STAGE 7 SPOTLIGHT Tucson Medical Center: Tracking Infection Rates in Real-Time

HIMSS Analytics

The HIMSS Analytics Electronic Medical Record Adoption Model is an eight-stage model (0-7) that measures an electronic medical record's (EMR) impact on a health system and the providers and patients within that health system. Using this assessment, healthcare leaders can strategically plan out a roadmap for technology implementation and adoption within the organization, to advance and maintain industry best practices.

Having become a standard for evaluating health IT advancement around the globe, the EMRAM acts as a testament to an organization's commitment to better patient outcomes, higher quality care and lower overall costs. A HIMSS Analytics EMRAM Stage 7 validation is the highest level an organization can reach, indicating maturity across all facets of the model.

Let's dive into the Stage 7 Achievement process of Tucson Medical Center (TMC).

About Tucson Medical Center (TMC)

Located in Southern Arizona, TMC is a locally-governed nonprofit regional hospital, licensed at more than 600 beds. Its mission is to educate and promote health, wellness and safety throughout Southern Arizona.

As the leading provider for emergency and pediatric care, the TMC health system includes top-notch intensive care units for adults, children and newborns. Other specialty areas include women’s, maternity, cardiac, orthopedic, neuroscience, hospice, surgical, vascular and geropsychiatric care.

The Challenge

As the region’s largest acute-care hospital, TMC contends with a variety of infections. Addressing these infections involved four staff members spending a combined 144 hours per month working on the previous month's infection data to share with clinical owners and hospital leadership. The work included:

  • Pulling data and maintaining five layers of Excel spreadsheets
  • Creating and updating 29 standard reports
  • Pulling together any special requests needed in the environment

In the end, it was a static, time-lagged data set that lacked real-time occurrences.

“It was difficult to get timely infection information,” said Nina Mazzola, director of Infection Prevention at TMC. “It was hard to get a total view of how we were doing and difficult to visually communicate trending over time.”

The EMRAM Implementation

TMC’s Business Intelligence (BI) and Infection Prevention teams worked together to improve this process through automation and improved accuracy. The BI Team was familiar with the work of Infection Prevention and the enormous effort that went into Hospital-Acquired Infection (HAI) reporting, so they decided to tackle the challenge and map out the processes with the help of an EMR dashboard.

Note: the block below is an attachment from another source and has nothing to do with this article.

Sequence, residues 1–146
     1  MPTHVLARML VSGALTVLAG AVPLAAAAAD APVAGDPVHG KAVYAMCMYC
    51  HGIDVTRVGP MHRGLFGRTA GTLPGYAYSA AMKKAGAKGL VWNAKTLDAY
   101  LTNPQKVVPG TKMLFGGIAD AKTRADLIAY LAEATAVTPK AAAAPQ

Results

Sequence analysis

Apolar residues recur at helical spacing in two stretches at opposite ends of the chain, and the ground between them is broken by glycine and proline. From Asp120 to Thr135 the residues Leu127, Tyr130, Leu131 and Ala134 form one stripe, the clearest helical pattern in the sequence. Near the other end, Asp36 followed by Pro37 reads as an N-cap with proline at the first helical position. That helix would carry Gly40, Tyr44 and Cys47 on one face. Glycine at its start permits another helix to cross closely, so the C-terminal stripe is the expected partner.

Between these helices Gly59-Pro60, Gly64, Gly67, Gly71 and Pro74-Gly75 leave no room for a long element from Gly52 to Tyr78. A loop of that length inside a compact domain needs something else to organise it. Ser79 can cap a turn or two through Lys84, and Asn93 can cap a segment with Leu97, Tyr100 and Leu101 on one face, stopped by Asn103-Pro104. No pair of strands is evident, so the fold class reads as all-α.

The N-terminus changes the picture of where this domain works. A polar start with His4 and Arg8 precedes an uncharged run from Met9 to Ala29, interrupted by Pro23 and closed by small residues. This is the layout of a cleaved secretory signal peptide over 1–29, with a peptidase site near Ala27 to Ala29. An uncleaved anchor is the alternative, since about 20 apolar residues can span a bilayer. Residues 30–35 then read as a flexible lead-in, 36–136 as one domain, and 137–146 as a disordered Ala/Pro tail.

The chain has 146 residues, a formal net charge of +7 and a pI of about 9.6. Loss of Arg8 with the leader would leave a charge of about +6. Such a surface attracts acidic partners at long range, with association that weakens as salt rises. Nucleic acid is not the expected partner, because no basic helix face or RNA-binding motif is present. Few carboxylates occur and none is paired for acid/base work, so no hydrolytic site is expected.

“We took time to define the problem and to get a handle on the current state. We kept peeling back the onion to get to root causes,” said Michael Griffis, director of Information Services.

Once the BI Team had a handle on the current state, they used a rapid development approach to create a dashboard that would provide actionable, real-time infection information. “We would focus our resources on a key set of functions we needed to develop, and work on these sets in two-week increments," explained Griffis. "It was an effective way of tackling a problem this large and complex.”

The team spent three weeks defining and scoping the issue and two months to develop, validate and implement the new EMR dashboard. The team based the dashboard on Qlik Sense, a BI toolset, to reach into various components of the electronic health record and other systems to track and document infections.

The Results

With the EMR dashboard, staff members can simply open up their laptops to view and discuss HAI activity throughout the hospital in real time. This insight allows the team to "swarm" hot spots with overwhelming resources to get to the root cause of a spike in infection and eliminate the source. Additionally, the dashboard provides trending information based on two years of historical data.

While Mazzola is the tool’s super admin, the dashboard is available to unit managers and other clinicians, so they can monitor their areas of responsibility. With an average of 200 sessions a month, the EMR dashboard is the organization’s most utilized analytical tool — second only to the Human Resources Department's turnover tool. This utilization is expected to grow over time as users become more comfortable with it and understand its value.

The dashboard users can only identify trends since May 2017 (the time it has been operational), so long-term benefit have yet to be realized. Anecdotal evidence suggests improvement in infection rates so far.

The Takeaway

Using the EMRAM as a guide, TMC was able to drive decision-making and develop actionable, real-time infection information through the rapid improvement process.

“In the end, we were able to deliver a way for clinical operations to see with surprising clarity what was happening on their units," said Frank Marini, Sr. Vice President & CIO. "This project is a wonderful example of committed and talented professionals – clinical and IT – working together to address our most important objective: keeping our patients safe.”

Like TMC, healthcare organizations around the world can use the EMRAM to help them discover new operational efficiencies, implement improved processes and deliver better, more successful care to all of their patients.

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